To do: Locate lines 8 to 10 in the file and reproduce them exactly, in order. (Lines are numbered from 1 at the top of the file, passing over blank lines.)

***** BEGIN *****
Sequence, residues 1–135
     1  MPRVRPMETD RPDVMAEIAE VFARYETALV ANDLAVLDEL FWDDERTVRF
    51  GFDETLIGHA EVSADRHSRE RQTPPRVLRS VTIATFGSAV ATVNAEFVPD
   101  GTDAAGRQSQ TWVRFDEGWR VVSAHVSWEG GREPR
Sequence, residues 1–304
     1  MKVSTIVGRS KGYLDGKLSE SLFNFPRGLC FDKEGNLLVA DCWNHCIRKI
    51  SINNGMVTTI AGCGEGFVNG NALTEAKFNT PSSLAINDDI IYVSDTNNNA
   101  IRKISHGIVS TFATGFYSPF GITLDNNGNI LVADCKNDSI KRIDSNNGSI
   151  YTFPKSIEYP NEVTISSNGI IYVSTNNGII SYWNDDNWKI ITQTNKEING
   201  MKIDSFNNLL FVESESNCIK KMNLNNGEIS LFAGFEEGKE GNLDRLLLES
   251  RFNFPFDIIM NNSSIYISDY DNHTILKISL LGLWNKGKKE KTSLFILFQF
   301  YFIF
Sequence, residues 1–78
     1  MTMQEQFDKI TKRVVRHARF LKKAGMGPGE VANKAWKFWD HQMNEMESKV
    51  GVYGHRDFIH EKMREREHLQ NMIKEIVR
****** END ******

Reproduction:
   101  IRKISHGIVS TFATGFYSPF GITLDNNGNI LVADCKNDSI KRIDSNNGSI
   151  YTFPKSIEYP NEVTISSNGI IYVSTNNGII SYWNDDNWKI ITQTNKEING
   201  MKIDSFNNLL FVESESNCIK KMNLNNGEIS LFAGFEEGKE GNLDRLLLES